Acne scars are stubborn and can stick around for a lifetime. According to a 2017 article in the Journal of Clinical and Aesthetic Dermatology, “Complete resolution of acne scarring is the exception rather than the rule.”2 In other words, while you can make your scars look better, it’s unlikely you’ll be able to fully remove them.

The good news is that there are multiple treatment options to choose from for repairing acne scars. Scar treatments fall into three classes:

  • Resurfacing treatments: These procedures create a controlled injury to the skin to trigger the production of new collagen. Examples of resurfacing treatments include  laser therapy, chemical peels, and dermabrasion.
  • Lifting treatments: These procedures smooth out sunken-in scars by introducing material like fat into deeper layers of the skin. Examples of lifting treatments include filler injections and fat transfer.
  • Excisional treatments: These procedures remove the scarred areas of skin completely to trigger the body to produce new skin. An example of excisional treatment is punch excision, a treatment in which a doctor cuts out the scarred skin with a small tool and stitches up the “hole” that’s left behind.1,2,13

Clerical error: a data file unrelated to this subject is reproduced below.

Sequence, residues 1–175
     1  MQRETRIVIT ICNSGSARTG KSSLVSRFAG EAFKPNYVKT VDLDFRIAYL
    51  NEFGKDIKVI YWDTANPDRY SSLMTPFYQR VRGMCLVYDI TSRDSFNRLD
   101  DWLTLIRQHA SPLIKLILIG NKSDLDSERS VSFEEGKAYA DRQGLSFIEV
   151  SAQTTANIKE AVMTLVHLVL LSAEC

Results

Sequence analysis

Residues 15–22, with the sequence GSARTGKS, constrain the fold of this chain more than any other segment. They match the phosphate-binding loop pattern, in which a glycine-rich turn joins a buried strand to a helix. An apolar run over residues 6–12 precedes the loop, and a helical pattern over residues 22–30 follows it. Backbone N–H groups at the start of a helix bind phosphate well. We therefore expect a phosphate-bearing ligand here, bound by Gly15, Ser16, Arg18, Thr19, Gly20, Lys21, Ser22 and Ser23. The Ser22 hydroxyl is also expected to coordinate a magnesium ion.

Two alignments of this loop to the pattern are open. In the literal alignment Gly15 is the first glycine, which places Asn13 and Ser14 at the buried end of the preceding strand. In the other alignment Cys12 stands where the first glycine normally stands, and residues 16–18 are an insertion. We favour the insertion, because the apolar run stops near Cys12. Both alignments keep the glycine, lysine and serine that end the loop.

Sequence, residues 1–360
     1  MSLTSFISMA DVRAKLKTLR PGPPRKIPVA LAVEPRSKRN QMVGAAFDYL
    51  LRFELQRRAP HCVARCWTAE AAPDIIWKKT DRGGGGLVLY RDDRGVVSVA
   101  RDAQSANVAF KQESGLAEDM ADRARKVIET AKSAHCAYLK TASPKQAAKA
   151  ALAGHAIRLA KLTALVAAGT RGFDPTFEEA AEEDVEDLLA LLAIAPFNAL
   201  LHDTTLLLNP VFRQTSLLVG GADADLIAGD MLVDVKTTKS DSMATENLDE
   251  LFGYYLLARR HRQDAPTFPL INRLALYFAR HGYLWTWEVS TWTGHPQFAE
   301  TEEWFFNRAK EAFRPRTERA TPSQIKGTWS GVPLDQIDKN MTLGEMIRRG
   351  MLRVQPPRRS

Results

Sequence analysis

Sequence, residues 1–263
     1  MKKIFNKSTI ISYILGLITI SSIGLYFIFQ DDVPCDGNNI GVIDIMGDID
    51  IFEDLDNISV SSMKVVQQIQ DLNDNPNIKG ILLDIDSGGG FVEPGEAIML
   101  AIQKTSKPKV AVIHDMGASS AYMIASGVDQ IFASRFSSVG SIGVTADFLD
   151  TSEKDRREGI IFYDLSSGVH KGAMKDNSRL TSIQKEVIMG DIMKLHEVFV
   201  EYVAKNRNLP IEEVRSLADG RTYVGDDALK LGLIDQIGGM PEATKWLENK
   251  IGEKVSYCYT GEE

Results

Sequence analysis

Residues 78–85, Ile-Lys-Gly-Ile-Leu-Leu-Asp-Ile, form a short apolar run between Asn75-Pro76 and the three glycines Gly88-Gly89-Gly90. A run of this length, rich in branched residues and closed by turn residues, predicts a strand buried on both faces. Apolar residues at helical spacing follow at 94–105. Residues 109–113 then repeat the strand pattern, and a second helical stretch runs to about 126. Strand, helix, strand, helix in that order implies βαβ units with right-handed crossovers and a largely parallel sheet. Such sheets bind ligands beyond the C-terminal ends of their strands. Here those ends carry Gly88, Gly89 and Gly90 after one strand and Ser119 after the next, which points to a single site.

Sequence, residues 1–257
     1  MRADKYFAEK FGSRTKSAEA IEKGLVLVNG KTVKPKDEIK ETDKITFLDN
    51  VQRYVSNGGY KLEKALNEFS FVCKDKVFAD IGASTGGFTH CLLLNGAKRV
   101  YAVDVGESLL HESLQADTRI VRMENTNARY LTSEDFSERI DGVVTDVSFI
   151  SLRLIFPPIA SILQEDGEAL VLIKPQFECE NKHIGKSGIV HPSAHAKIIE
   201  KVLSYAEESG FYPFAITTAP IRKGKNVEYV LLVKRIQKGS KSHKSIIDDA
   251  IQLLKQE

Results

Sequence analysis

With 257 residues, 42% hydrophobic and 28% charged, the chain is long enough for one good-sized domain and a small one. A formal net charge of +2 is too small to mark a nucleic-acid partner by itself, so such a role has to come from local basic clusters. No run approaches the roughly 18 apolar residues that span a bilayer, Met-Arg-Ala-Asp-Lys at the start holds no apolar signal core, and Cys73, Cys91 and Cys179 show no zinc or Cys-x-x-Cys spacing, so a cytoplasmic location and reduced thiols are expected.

Certain treatments work better for specific scar types. Since most people tend to have more than one type of scar, it may be necessary to combine several different treatments for best results.

Research suggests that the more severe the acne, the more severe the scarring tends to be. Therefore, one of the best things you can do to reduce scarring is to treat your acne lesions before they have a chance to progress into more severe forms of acne. Also, never pick at your acne, as this will ramp up inflammation and put you at greater risk of scarring.1,2

  1. Abdel Hay, R., Shalaby, K., Zaher, H., Hafez, V., Chi, C. C., Dimitri, S., Nabhan, A. F. & Layton, A. M. Interventions for acne scars. Cochrane Database Syst Rev. 4, CD011946 (2016).
  2. Connolly, D., Vu, H. L., Mariwalla, K. & Saedi, N. Acne scarring – pathogenesis, evaluation, and treatment options. J Clin Aesthet Dermatol. 10, 12-23 (2017).